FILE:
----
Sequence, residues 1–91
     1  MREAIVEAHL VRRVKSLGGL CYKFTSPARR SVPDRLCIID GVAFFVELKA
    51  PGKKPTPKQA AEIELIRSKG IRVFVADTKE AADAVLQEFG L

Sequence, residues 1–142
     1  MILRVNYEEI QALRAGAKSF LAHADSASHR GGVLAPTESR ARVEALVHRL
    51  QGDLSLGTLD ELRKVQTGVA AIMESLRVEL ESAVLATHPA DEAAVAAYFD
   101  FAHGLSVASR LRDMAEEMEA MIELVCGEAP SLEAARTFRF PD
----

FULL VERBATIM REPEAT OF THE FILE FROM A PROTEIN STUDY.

Sequence, residues 1–91
     1  MREAIVEAHL VRRVKSLGGL CYKFTSPARR SVPDRLCIID GVAFFVELKA
    51  PGKKPTPKQA AEIELIRSKG IRVFVADTKE AADAVLQEFG L

Sequence, residues 1–142
     1  MILRVNYEEI QALRAGAKSF LAHADSASHR GGVLAPTESR ARVEALVHRL
    51  QGDLSLGTLD ELRKVQTGVA AIMESLRVEL ESAVLATHPA DEAAVAAYFD
   101  FAHGLSVASR LRDMAEEMEA MIELVCGEAP SLEAARTFRF PD